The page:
Macroeconomics and microeconomics, and their wide array of underlying concepts, have been the subject of a great deal of writings. The field of study is vast; so here is a brief summary of what each covers. Microeconomics is generally the study of individuals and business decisions, while macroeconomics looks at higher up country and government decisions.
Microeconomics is the study of decisions that people and businesses make regarding the allocation of resources and prices of goods and services. This means also taking into account taxes and regulations created by governments. Microeconomics focuses on supply and demand and other forces that determine the price levels seen in the economy. For example, microeconomics would look at how a specific company could maximize its production and capacity, so that it could lower prices and better compete in its industry. (Find out more about microeconomics in How does government policy impact microeconomics?
Microeconomics' rules flow from a set of compatible laws and theorems, rather than beginning with empirical study.
Macroeconomics, on the other hand, is the field of economics that studies the behavior of the economy as a whole, not just of specific companies, but entire industries and economies. It looks at economy-wide phenomena, such as Gross Domestic Product (GDP) and how it is affected by changes in unemployment, national income, rate of growth, and price levels. For example, macroeconomics would look at how an increase/decrease in net exports would affect a nation's capital account or how GDP would be affected by the unemployment rate. (To keep reading on this subject, see Macroeconomic Analysis.)
John Maynard Keynes is often credited with founding macroeconomics, when he initiated the use of monetary aggregates to study broad phenomena. Some economists reject his theory and many of those who use it disagree on how to interpret it.
Microeconomics Vs. Macroeconomics
Micro and Macro
While these two studies of economics appear to be different, they are actually interdependent and complement one another since there are many overlapping issues between the two fields. For example, increased inflation (macro effect) would cause the price of raw materials to increase for companies and in turn affect the end product's price charged to the public.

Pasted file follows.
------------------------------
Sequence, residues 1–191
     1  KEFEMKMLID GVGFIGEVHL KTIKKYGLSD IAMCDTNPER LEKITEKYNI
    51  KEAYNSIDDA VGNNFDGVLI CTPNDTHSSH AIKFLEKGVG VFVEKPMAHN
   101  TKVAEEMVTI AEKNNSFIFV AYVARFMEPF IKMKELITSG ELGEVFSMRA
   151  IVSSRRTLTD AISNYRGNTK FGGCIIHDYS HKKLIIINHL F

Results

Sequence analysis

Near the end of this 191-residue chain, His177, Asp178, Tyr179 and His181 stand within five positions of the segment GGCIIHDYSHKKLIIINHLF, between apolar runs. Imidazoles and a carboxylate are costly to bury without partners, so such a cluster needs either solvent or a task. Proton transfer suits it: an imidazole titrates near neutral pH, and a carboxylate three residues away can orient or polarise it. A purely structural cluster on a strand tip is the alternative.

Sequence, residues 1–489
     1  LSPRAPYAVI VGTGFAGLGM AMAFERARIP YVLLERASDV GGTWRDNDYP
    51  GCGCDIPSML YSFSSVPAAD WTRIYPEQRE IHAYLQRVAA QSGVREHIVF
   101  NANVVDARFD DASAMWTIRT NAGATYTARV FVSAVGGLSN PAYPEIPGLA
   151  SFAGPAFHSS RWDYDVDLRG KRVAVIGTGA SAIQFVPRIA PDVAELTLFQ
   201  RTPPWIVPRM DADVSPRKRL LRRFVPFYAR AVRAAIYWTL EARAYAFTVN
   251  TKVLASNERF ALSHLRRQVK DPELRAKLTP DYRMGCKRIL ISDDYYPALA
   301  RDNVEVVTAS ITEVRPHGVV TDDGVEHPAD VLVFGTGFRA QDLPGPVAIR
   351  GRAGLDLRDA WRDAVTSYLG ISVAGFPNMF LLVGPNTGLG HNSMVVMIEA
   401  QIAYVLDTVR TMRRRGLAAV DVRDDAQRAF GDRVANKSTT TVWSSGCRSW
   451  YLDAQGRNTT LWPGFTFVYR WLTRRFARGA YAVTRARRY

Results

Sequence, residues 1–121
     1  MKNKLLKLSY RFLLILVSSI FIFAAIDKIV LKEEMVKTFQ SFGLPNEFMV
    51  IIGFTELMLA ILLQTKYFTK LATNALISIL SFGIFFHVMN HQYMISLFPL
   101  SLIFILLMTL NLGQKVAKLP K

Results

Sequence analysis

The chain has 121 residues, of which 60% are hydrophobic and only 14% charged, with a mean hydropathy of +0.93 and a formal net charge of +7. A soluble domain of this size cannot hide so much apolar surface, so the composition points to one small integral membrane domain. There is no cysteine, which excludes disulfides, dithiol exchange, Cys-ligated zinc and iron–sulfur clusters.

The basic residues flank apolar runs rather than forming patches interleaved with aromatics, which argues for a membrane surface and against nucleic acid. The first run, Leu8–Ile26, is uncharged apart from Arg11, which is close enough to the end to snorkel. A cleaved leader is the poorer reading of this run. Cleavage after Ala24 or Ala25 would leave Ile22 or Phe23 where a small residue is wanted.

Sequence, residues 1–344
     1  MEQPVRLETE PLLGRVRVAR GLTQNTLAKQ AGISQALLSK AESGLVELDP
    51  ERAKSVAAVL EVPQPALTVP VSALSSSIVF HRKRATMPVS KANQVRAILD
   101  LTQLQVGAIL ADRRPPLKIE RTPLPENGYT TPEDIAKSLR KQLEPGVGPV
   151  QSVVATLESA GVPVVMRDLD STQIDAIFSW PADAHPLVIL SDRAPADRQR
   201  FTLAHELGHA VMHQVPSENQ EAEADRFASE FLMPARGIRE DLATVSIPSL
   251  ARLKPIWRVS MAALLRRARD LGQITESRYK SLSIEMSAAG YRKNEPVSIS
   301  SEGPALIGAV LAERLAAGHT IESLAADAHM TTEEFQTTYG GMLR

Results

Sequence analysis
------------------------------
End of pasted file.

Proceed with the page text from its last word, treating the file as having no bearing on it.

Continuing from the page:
Microeconomics takes what is referred to as a bottoms-up approach to analyzing the economy while macroeconomics takes a top-down approach. In other words, microeconomics tries to understand human choices and resource allocation, while macroeconomics tries to answer such questions as "What should the rate of inflation be?" or "What stimulates economic growth?"
Regardless, both micro- and macroeconomics provide fundamental tools for any finance professional and should be studied together in order to fully understand how companies operate and earn revenues and thus, how an entire economy is managed and sustained.
What Should Individual Investors Look At?
Individual investors are probably better off focusing on microeconomics than macroeconomics. There may be some disagreement between fundamental (particularly value) investors and technical investors about the proper role of economic analysis, but it is more likely that microeconomics will affect an individual investment proposal.
Warren Buffett has famously stated that macroeconomic forecasts don't influence his investing decisions. When asked about how he and Charlie Munger, his business partner, choose investments, Buffett responded, "Charlie and I don't pay attention to macro forecasts. We've worked together for 50+ years, and I can't think of a time when they influenced a decision about stock or a company." Buffett has also referred to macroeconomic literature as "the funny papers."
John Templeton, another famously successful value investor, shared a similar sentiment. "I never ask if the market is going to go up or down, because I don't know. It doesn't matter. I search nation after nation for stocks, asking: 'where is the one that is lowest priced in relation to what I believe it's worth?'" said Templeton.
The Divide Between Microeconomics and Macroeconomics
Microeconomics concerns itself with the small details that make a difference when evaluating individual companies. This includes production costs and market prices for goods and services. A lot of microeconomic information can be gleaned from the financial statements.
Macroeconomics focuses on aggregates and econometric correlations. Investors of mutual funds or interest rate-sensitive securities should keep an eye toward monetary and fiscal policy. Outside of a few meaningful and measurable impacts, macroeconomics doesn't offer much for specific investments.
Moreover, economists generally agree on the principles of microeconomics. As the International Monetary Fund (IMF) website states, "There are no competing schools of thought in microeconomics." This is not true with macroeconomics. Macroeconomic forecasting has a very poor track record, and the accepted version of macroeconomics has changed several times since its inception.
If you are interested in learning more about economics, take a look at What is "marginalism" in microeconomics and why is it important? and What kinds of topics does microeconomics cover?